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Addictions

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DRUG ADDICTION

DRUG:

A chemical substance that alters the function of one or more body organs or the process of a disease. Drugs include prescribed medicines over the counter remedies and various other substances such as alcohol, tobacco and drugs of abuse that are used for non-medical purposes.

Drugs are substances other than food that affect the way your mind and body works (Al Robertson et al).

DRUG ABUSE

Drug abuse is definable mainly in terms of societal disapproval. It may involve experimental and recreational use of drugs, which is usually illegal with risk of arrest; unsanctioned use of psychoactive drugs to relieve problems or symptoms; or use of drugs first for the previous two reasons but later because of dependence and the need to continue at least partially to prevent the discomfort of withdrawal. Abuse of prescription and illegal drugs occurs in all socioeconomic groups, including among persons with advanced education and professional status. However, the most devastating use of psychoactive drugs still occurs in the context of poverty.

This is the use of a drug for a purpose other than that for which it was prescribed or recommended for.

DRUG ADDICTION

Addiction, a concept without a consistent, universally accepted definition, is used here to refer to a lifestyle characterized by compulsive use and overwhelming involvement with a drug. It implies the risk of harm and the need to stop drug use, whether the addict understands and agrees or not.

It is the physical or psychological dependence on a drug. Drug dependence is the compulsion to continue taking drugs either to prevent the ill effects of not taking it or to produce a desired effect of taking it.

Drug dependence can be physical or psychological or more commonly both.

Around 50% of young people between ages of (16-25) have had an illegal drug (Ramsay et. al). People that addicted to drugs are drug abusers:

a. They take drugs for reasons other than medical

b. Disregard instruction for proper use

c. Obtain drugs illegally

DRUG DEPENDENCE

A single definition for drug dependence is neither desirable nor possible. Some illicit drug use, although considered abuse because it is illegal, does not involve dependence of any kind. Drug dependence of a specific type (eg, cocaine dependence) emphasizes that different drugs have different effects, including type and risk of dependence.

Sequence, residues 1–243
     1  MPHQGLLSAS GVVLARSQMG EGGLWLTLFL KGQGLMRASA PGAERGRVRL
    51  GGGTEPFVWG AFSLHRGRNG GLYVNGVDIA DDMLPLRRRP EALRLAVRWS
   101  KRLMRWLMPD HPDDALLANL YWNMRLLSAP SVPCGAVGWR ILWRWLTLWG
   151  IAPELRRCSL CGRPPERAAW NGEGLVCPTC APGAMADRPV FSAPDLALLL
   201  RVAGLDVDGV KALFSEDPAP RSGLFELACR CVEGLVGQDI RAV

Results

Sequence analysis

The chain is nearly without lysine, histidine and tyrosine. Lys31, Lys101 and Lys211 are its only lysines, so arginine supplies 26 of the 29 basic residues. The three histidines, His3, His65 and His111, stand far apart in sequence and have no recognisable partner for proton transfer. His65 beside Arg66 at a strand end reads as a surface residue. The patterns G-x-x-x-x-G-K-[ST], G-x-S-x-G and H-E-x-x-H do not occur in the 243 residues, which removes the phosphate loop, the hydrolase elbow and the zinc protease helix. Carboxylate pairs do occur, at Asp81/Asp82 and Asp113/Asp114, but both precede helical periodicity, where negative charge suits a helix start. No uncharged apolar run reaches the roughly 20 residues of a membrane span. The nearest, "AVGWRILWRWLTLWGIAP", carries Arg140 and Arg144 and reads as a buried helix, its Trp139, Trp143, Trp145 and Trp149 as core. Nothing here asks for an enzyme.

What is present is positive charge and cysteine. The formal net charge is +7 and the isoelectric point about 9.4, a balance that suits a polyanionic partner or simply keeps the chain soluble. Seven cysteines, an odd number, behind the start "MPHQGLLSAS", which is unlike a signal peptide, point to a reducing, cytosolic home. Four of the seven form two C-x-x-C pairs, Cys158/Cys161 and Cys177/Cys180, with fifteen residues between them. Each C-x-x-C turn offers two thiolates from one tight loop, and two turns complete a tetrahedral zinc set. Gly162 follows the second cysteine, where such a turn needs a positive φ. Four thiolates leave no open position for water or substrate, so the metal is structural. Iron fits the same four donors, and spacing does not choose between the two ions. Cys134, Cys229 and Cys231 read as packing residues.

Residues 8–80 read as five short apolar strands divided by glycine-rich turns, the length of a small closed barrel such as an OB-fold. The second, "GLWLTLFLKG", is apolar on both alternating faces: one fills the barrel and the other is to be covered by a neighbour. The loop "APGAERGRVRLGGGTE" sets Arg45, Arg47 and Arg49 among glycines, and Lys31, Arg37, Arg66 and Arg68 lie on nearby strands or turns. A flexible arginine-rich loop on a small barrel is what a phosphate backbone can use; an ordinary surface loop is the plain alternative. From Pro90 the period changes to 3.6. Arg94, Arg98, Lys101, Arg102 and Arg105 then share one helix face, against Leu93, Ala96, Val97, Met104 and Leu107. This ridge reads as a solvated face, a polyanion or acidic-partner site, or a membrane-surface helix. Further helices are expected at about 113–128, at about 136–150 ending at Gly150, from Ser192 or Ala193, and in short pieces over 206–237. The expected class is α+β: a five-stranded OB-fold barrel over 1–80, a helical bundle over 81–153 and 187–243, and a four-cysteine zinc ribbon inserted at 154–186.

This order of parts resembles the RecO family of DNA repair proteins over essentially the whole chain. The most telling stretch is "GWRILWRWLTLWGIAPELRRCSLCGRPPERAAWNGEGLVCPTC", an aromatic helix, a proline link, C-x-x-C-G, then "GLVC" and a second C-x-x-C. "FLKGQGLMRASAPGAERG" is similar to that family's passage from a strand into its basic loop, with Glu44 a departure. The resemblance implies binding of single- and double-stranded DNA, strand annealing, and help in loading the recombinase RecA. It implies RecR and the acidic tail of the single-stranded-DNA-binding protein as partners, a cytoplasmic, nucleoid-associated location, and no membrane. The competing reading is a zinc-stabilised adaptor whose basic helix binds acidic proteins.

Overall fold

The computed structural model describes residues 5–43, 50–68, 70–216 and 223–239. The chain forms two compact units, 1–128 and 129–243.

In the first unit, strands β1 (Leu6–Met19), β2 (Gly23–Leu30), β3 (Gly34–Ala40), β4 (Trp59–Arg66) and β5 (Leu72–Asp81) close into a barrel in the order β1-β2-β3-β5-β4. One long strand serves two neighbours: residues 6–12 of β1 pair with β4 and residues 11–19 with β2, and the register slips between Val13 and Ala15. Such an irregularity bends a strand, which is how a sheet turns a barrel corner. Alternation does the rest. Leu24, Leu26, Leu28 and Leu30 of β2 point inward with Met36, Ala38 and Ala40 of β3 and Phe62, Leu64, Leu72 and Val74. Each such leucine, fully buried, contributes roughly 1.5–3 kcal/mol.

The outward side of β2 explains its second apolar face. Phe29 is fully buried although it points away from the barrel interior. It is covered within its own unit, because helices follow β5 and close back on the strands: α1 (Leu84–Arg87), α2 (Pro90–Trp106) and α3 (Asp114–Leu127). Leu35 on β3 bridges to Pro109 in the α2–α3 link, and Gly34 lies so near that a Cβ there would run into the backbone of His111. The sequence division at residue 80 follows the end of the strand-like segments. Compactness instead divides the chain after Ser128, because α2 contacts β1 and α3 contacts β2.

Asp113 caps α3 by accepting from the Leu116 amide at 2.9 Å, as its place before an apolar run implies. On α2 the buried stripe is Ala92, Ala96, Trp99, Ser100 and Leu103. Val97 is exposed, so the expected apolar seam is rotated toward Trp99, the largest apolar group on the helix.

Two concepts contribute to the definition of drug dependence: tolerance, which describes the need to progressively increase the dose to produce the effect originally achieved with smaller doses, and physical dependence, a state of physiologic adaptation to a drug, manifested by a withdrawal (abstinence) syndrome. In a withdrawal syndrome, untoward physiologic changes occur when the drug is discontinued or when its effect is counteracted by a specific antagonist that displaces the agonist from its binding site on cell receptors. Physical dependence does not accompany all forms of drug dependence.

Psychologic dependence is accompanied by feelings of satisfaction and a desire to repeat the drug experience or to avoid the discontent of not having it. This anticipation of effect is a powerful factor in the chronic use of psychoactive drugs and, with some drugs, may be the only obvious factor associated with intense craving and apparent compulsive use. Drugs that cause chiefly psychologic dependence include cocaine, marijuana, amphetamine, and hallucinogens

Drugs that produce strong physical dependence (eg, heroin, alcohol) are prone to abuse, and dependence is difficult to treat. If a drug does not cause physical dependence, discontinuing the drug does not cause a major stereotypical withdrawal syndrome. However, most psychoactive drugs cause tolerance, and in some cases, reactions after discontinuation resemble a withdrawal syndrome (eg, depression and lethargy after withdrawal of cocaine or amphetamine; characteristic changes in the EEG after withdrawal of amphetamine).

Drugs that produce dependence act on the CNS(Central Nervous system) and have one or more of the following effects: reduced anxiety and tension; elation, euphoria, or other mood changes pleasurable to the user; feelings of increased mental and physical ability; altered sensory perception; and changes in behavior.

TYPES OF DRUGS AND WHAT THEY DO

There are three groups of

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